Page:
4. Bring a large pot of water to a boil. When the water boils, salt it and add the pasta. Stir occasionally, and start tasting after 5 minutes. When the pasta is tender but not mushy, drain the pasta, reserving 1 cup of the cooking water. Add the pasta to the sauce in the skillet, raise the heat to medium-high, and cook, stirring constantly until the sauce is steaming, 1 to 2 minutes. If the sauce gets too dry as it heats, add the reserved cooking water, a tablespoon at a time. Taste and adjust the seasoning. Garnish with the parsley and bread crumbs and serve.
Spiced Winter Squash
Rick is a baker so for me to knock myself out with something more sophisticated is not the way to go here, so I made a traditional birthday cake. I used three layers of yellow cake, lemon curd for the layers, and vanilla frosting — with sprinkles.
Makes: Enough for a 2- or 3-layer cake or a sheet cake
Time: 45 minutes
10 tablespoons (1 1/4 sticks) butter, softened, plus more for greasing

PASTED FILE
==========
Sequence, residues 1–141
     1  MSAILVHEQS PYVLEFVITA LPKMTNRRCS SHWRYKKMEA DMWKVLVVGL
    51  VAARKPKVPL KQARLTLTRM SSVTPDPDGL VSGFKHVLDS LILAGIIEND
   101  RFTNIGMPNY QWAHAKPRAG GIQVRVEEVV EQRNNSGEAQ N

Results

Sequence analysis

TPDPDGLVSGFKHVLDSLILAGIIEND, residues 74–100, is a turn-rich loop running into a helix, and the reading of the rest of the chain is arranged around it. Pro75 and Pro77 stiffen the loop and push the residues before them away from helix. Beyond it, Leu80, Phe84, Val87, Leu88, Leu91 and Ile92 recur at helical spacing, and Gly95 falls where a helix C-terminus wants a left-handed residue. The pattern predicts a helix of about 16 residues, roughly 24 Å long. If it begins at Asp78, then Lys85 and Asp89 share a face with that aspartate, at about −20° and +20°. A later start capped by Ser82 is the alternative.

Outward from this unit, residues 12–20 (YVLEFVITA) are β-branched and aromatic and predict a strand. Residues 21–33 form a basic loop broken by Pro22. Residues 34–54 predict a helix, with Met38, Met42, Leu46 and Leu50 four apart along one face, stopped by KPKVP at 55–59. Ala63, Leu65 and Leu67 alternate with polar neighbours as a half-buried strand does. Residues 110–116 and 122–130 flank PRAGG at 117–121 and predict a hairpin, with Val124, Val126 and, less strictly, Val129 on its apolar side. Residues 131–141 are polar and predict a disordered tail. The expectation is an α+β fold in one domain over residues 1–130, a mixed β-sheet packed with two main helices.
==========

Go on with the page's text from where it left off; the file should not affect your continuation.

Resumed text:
2 cups cake flour or all-purpose flour, plus more for dusting the pans
2 1/2 teaspoons baking powder
1/4 teaspoon salt
1 1/4 cups sugar
8 egg yolks
2 teaspoons vanilla extract
3/4 cup milk
1. Heat the oven to 350°F. Grease and flour the bottom and sides of two 9-inch cake pans, or a 13x9-inch baking pan.
2. Whisk the flour, baking powder, and salt together in a medium bowl.
3. Use an electric mixer to cream the butter until smooth, then gradually add the sugar. Beat until light in color and fluffy, 3 or 4 minutes. Beat in the egg yolks, one at a time, then the vanilla. Stir the dry ingredients to the creamed mixture by hand a little at a time, alternating with the milk. Stir just until smooth.